London: UK Parliament has officially been suspended for five weeks, with MPs not due back till October 14 following Prime Minister Boris Johnson's second failed attempt to call a snap election in October.
Parliament was suspended - or prorogued - at just before 2.00 a.m. on Tuesday. There were unprecedented scenes of chaos and anger in the House of Commons overnight as opposition MPs staged a protest against the suspension - a prorogation that House of Commons' Speaker John Bercow called "an act of executive fiat".
Some MPs protested against the suspension with signs saying "silenced" while shouting: "Shame on you". Several MPs were also involved in an altercation near the Speaker's chair as they attempted to prevent him leaving his seat and attending the House of Lords, the next step in the formalities required for the suspension of Parliament, the BBC reported.
The chaos unfolded in the early hours of Tuesday morning, after a day of high drama in which Johnson lost his sixth parliamentary vote in as many days and Bercow announced his impending retirement as Speaker.
As the prorogation got underway, Bercow expressed his anger, saying it was "not a normal prorogation".
"It is not typical. It is not standard. It's one of the longest for decades and it represents, not just in the minds of many colleagues, but huge numbers of people outside, an act of executive fiat," he said.
This came as Johnson's bid to call a snap election in October was defeated for the second time. Opposition MPs refused to back it, insisting a law blocking a no-deal Brexit must be implemented first.
Parliament's suspension means MPs will not get another chance to vote for an early election until they return, meaning a poll would not be possible until November at the earliest.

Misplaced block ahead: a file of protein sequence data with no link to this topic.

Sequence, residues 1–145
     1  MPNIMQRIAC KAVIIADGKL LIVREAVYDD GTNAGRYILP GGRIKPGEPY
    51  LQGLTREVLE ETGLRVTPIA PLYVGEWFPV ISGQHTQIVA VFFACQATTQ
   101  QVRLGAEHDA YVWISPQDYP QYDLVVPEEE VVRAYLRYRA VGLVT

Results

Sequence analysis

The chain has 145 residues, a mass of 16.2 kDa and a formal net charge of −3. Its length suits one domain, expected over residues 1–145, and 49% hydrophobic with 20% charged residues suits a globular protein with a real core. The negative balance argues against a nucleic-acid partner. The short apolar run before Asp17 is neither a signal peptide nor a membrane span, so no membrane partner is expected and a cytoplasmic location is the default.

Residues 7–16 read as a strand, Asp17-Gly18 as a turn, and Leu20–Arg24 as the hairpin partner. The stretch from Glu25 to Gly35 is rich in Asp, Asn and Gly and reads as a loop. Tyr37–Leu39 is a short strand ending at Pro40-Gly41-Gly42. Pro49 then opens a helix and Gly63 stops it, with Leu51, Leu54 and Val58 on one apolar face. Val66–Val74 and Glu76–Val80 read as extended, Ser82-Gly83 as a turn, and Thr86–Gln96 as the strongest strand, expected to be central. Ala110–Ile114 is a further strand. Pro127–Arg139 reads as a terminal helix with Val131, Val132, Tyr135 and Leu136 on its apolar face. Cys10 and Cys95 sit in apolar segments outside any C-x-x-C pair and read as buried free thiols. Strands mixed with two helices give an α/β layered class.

In all, only 293 of the 434 MPs voted for the Prime Minister's motion for an early election, far short of the two thirds needed. Johnson will hold a meeting with his Cabinet in Downing Street later on Tuesday.
Late into the night, MPs also burst into song on the Commons benches, singing traditional Welsh and Scottish songs.
It is normal for new governments to suspend Parliament - it allows them to schedule a Queen's Speech to set out a fresh legislative programme - but the length and timing of the prorogation in this case has sparked controversy.
Johnson on Monday accused opposition Labour Party leader Jeremy Corbyn of "preposterous cowardice" and said he was the first opposition leader in the UK's history to reject the opportunity to let British voters decide in an election.
Corbyn, on the other hand, said Johnson could not be allowed to dictate the terms of an election without first taking a no-deal Brexit off the table.
The Prime Minister reiterated his stance that he would not ask the European Union for a new extension to the date of Brexit's implementation. At present, the UK law states that the country will leave the EU on October 31, regardless of whether a withdrawal deal has been agreed with Brussels or not.
But a new legislation, which was granted royal assent on Monday, changes that and will force Johnson to seek a delay to January 31, 2020 unless a deal, or a no-deal exit, is approved by MPs by October 19.
"No matter how many devices this Parliament invents to tie my hands, I will strive to get an agreement in the national interest. This government will not delay Brexit any further. We will not allow the emphatic verdict of the referendum to be slowly suffocated by further calculated drift and paralysis," Johnson had said ahead of the vote.
He suffered another defeat on Monday as MPs backed calls for the publication of government communications relating to the suspension of Parliament and its no-deal plans.
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